LONDON (CelebrityAccess) Peter Stringfellow, 77, famed British nightclub owner, died after battling lung cancer early today.
Stringfellow got his start in the 60s booking bands like the then-unknown Beatles, The Who and The Rolling Stones into his clubs. He went on to open gentleman’s clubs in the 1980s – first in London, then in cities like New York, Los Angeles and Miami.
Known for all of his parties, general fun and for keeping his businesses going for 60 years, he began as a nightclub owner after a conviction and prison time for selling stolen carpets. In 1962, he rented ST. Aidan’s Church Hall in Sheffield every Friday night, calling it the Black Cat Club, booking acts like Dave Berry & The Cruisers and Gene Vincent.
He brought in The Beatles in April 1963. The band was unknown when Stringfellow booked the show and he got them for very little money, but they had a No. 1 hit by the time they played. Demand for tickets was so great, Stringfellow had to rent a larger venue, the Azena Ballroom in Sheffield.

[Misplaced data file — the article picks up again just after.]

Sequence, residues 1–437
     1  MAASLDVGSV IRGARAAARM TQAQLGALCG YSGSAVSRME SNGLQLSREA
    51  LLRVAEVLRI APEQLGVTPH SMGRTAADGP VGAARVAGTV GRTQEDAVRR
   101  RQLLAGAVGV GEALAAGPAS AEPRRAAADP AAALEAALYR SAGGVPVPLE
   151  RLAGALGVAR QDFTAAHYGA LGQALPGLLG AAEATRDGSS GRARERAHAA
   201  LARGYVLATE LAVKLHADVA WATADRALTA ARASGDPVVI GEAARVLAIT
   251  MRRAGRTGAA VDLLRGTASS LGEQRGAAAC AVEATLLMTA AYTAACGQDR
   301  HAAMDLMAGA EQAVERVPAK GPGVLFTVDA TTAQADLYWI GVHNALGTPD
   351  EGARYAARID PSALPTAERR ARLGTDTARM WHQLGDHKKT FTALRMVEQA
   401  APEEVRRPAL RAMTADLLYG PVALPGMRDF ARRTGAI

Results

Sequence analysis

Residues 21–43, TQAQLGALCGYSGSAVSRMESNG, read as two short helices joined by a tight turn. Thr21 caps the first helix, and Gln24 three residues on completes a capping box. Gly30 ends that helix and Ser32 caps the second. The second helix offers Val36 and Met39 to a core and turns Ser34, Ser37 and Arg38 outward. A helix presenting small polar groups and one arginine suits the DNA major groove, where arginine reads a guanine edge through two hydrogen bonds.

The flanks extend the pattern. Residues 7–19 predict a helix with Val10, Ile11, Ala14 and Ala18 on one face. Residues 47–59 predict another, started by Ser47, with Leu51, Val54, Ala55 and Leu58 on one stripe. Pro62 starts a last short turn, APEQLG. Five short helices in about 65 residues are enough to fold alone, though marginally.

He opened another club, the Blue Moon, at St. John’s Church Hall in Sheffield in 1963, bringing in acts like The Marauders, The Kinks, The Searchers, and Rod Stewart & The Soul Agents. He opened King Mojo Club in Sheffield in 1964. in 1968, it was Down Broadway with first act Jethro Tull.
He opened Stringfellow’s Covent Garden in 1980. It became an immediate hit, where it became a hit for celebrities for 15 years. In 1983 he opened the Hippodrome, which became known as the “World’s Greatest Disco.” Around this time he formed Hippodrome Records, signing Dusty Springfield and releasing her single “Sometimes Like Butterflies.”
He was also responsible for introducing table dancing to his New York club in 1990. He opened his second adult entertainment club named Angels in Soho in 2006.
Stringfellow’s autobiography, “King of Clubs,” was released in 1996.